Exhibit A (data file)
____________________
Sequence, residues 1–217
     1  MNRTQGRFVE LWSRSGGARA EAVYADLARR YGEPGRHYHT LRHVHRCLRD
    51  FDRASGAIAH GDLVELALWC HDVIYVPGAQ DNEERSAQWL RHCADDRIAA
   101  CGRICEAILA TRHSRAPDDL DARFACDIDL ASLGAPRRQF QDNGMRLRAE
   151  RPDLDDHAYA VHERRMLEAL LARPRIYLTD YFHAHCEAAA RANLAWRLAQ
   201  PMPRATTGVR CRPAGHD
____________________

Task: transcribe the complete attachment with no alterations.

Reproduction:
Sequence, residues 1–217
     1  MNRTQGRFVE LWSRSGGARA EAVYADLARR YGEPGRHYHT LRHVHRCLRD
    51  FDRASGAIAH GDLVELALWC HDVIYVPGAQ DNEERSAQWL RHCADDRIAA
   101  CGRICEAILA TRHSRAPDDL DARFACDIDL ASLGAPRRQF QDNGMRLRAE
   151  RPDLDDHAYA VHERRMLEAL LARPRIYLTD YFHAHCEAAA RANLAWRLAQ
   201  PMPRATTGVR CRPAGHD